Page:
Inside Bethany House: Fun with Grammar!

To prove how nerdy we are here at Bethany House, I could tell you about the time a cake arrived to a work celebration bearing the word “Congatulations,” and how one of the editors had inserted the appropriate letter complete with proofing mark, using frosting stolen from one of the decorative rosebuds.

I could mention the number of charity pamphlets, flyers, and yes, even an out-of-order bathroom sign that have been marked up with red pen within the Bethany House walls.

I could even link to the article that was circulating around editorial last week to add fuel to a heated debate on the Oxford comma.

But I figured I’d ask a few co-workers some grammar-nerdy questions and share their answers with you instead. Enjoy!

Do you have a favorite punctuation mark, and if so, what is it?

Elisa, editorial: My favorite punctuation mark is the em dash—it’s so versatile! My runner-up might be the period. It’s not fussy and packs plenty of meaning. It’s also very hard for people to misuse, which makes my job easier.

(Note: the em dash was recently discussed at the Bethany House lunch table, and many people spoke in glowing terms about how much they loved it and why. “It’s like a miniature cliffhanger,” “Sometimes I catch myself using three in one sentence,” and “Are we really discussing this?” were all actual quotes from the conversation.)

Noelle, marketing: For sure, the semi-colon. Correct usage for it is so little understood (even fully by me), but I somehow feel cooler attempting to use it. Only real grammar nerds try to use it over a plain old regular period. I am also a huge Dickens fan, and boy does he work those semi-colons.

Jessica, editorial: I really love parentheses. I use them a lot in casual, personal correspondence (reading my emails is basically like reading The Princess Bride). However, parentheses are not really allowed in formal fiction, so I have to fall back on my second favorite punctuation mark, the em-dash, which lets you sneak in parenthetical phrases without using parentheses. Score!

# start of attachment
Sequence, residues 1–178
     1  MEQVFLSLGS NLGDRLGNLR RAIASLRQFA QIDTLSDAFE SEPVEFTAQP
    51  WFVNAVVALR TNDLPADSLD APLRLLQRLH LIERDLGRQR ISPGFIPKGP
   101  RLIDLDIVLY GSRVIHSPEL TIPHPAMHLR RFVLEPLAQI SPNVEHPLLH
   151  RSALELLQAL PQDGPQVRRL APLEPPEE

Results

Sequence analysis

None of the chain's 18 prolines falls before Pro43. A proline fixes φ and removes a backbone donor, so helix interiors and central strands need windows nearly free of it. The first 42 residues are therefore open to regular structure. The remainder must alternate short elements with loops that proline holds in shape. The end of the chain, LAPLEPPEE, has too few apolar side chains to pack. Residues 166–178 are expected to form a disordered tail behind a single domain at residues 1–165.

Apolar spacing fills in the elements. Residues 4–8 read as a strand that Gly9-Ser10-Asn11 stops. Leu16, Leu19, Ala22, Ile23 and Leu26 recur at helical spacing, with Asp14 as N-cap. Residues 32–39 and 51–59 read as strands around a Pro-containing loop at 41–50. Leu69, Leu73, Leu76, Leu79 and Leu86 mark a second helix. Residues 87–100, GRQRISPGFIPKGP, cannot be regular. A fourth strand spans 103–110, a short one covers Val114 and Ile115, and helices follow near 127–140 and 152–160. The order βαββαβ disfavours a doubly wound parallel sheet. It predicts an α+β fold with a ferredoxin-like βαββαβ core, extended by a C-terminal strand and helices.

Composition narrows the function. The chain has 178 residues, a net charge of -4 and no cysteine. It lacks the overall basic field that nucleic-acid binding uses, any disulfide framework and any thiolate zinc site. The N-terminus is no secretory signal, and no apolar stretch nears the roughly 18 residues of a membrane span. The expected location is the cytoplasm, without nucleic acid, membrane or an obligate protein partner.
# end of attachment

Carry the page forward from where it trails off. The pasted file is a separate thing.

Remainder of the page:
Is there a mistake you find yourself making over and over again?

Sharon, editorial: Hors d’oeuvres. Sometimes I get it right, sometimes wrong—but I always have to double check to be absolutely sure, because sometimes I transpose the e and the u. (And yes, I just looked it up before writing it here!)

Amy, marketing: I can never remember how to spell medieval. Also, I’m pretty sure I have yet to correctly format an ellipse, including on this blog.

Is there a grammar or usage mistake that is particularly painful for you?

Anna, marketing: YES! The Oxford comma should always be used. That’s all I have to say about that.

Jessica, editorial: This isn’t really a question of grammar, but one of my greatest editorial pet peeves is people referring to characters as “the man” or “the woman” instead of just using a pronoun. Especially when we know the character’s name! For example: “She opened the door to find Jake standing on her doorstep. Today the man wore jeans and a plaid shirt…” It’s SO AWKWARD. Just say “he”! Please! For me!

Elisa, editorial: I cringe when I see “apart” when the writer means “a part,” especially in situations where the writer is thanking people for the opportunity to be a part of something, because it comes across as being grateful for the opportunity to be standoffish.

Are there any grammar rules you don’t think should be rules?

Noelle, marketing: Let’s talk about smart quotes. They are like the Kim Kardashian of grammar—newsworthy for who knows why but always mentioned in copy editing. What’s wrong with my non-smart quote quotation marks and apostrophes? They get the job done.